Shopify, the company that powers e-commerce sites for more than one million merchants, said on Thursday that it had closed two online stores tied to President Trump, including those run by the Trump Organization and the Trump campaign.
A company representative said that the sites violated a policy that prohibits the support of organizations or people “that threaten or condone violence to further a cause.” Users who navigated to sites like TrumpStore.com and shop.donaldjtrump.com were met with messages that the sites were unavailable.
Cached versions of the sites show that they had sold merchandise like $45 pairs of Trump-branded champagne flutes, $30 “Make America Great Again” hats and a $24 poster of a cartoon of Mr. Trump punching into the air.
Shopify, which said that it “does not tolerate actions that incite violence,” still appeared to be powering other sites selling Trump merchandise as of Thursday afternoon. For example, the sites OfficialTrump2020store.com and Trump-Hats.com were among several that were still active, highlighting how difficult it can be for technology companies to begin policing websites. Shopify declined to comment on the additional sites.
“Based on recent events, we have determined that the actions by President Donald J. Trump violate our Acceptable Use Policy, which prohibits promotion or support of organizations, platforms or people that threaten or condone violence to further a cause,” the Shopify representative said earlier on Thursday. “As a result, we have terminated stores affiliated with President Trump.”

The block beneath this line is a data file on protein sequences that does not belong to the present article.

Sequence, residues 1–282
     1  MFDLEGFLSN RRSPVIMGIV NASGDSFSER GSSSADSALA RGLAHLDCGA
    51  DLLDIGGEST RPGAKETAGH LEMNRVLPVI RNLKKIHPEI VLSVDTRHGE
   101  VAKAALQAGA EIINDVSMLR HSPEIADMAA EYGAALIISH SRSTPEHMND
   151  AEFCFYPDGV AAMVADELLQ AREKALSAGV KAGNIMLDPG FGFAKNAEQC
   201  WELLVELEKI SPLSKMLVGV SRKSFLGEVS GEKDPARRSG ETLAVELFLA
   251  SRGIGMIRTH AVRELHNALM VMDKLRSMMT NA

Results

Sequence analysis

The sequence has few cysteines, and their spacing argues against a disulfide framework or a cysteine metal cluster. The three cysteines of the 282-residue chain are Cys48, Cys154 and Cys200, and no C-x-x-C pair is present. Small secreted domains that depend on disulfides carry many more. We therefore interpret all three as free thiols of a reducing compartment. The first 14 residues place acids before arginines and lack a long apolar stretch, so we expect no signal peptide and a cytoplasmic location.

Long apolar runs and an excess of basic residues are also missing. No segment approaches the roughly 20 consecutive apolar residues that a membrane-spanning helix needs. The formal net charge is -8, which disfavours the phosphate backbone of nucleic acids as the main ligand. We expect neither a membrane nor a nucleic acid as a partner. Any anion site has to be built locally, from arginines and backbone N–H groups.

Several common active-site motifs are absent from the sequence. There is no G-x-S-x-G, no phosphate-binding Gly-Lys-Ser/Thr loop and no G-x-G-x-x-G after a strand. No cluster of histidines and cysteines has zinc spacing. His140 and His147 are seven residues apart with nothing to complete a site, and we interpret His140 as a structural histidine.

Shopify’s technology makes it simple for individuals to make retail websites with as little as an email address and a credit card. At the outset of the pandemic last year, the company closed thousands of sites that claimed to be selling virus-fighting products.
Stocks rose to another record on Thursday, a day after chaos erupted in Washington when a pro-Trump mob overran the Capitol building, as investors focused instead on chances for increased federal spending by a Biden administration and a Congress under unified Democratic control.
The S&P 500 climbed by 1.5 percent, adding to a string of records since President-elect Joseph R. Biden Jr. won the presidential election.
The S&P is up nearly 13 percent since that Nov. 3 vote, but only now, after Democrats won two Senate seats in runoff elections in Georgia on Tuesday, do investors feel they have a complete view of the implications of the political season.
Across stock, bond and commodities markets, they are betting that Democratic control will soon translate into another major round of Federal stimulus spending, raising the chances of a much stronger economic recovery over the coming months — a view that helped traders look past violence in Washington and to the impact of a government unified under Democratic leadership, analysts said.